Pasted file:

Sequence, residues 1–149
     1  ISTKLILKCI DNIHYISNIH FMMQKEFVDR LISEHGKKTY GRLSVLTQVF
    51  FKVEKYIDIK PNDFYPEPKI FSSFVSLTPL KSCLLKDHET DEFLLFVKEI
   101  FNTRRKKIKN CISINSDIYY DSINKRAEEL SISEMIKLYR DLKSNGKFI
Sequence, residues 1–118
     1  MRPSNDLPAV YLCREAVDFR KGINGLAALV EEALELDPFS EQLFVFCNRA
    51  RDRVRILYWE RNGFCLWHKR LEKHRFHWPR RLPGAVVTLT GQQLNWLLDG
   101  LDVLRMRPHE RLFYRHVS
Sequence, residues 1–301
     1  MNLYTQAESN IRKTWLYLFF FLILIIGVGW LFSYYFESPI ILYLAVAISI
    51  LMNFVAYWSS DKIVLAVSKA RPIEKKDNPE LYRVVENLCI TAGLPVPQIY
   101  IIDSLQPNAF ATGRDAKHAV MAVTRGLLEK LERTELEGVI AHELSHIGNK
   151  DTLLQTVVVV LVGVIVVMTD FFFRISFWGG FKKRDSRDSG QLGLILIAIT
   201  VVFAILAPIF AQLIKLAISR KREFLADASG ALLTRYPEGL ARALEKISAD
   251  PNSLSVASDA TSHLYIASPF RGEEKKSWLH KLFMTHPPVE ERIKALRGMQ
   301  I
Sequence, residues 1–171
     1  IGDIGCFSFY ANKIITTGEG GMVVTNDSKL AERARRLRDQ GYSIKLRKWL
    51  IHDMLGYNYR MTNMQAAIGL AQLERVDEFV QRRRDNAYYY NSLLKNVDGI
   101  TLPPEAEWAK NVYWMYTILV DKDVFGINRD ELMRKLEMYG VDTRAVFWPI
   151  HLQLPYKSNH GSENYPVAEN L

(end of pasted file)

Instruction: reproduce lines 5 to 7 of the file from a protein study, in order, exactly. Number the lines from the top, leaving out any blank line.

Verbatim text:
Sequence, residues 1–118
     1  MRPSNDLPAV YLCREAVDFR KGINGLAALV EEALELDPFS EQLFVFCNRA
    51  RDRVRILYWE RNGFCLWHKR LEKHRFHWPR RLPGAVVTLT GQQLNWLLDG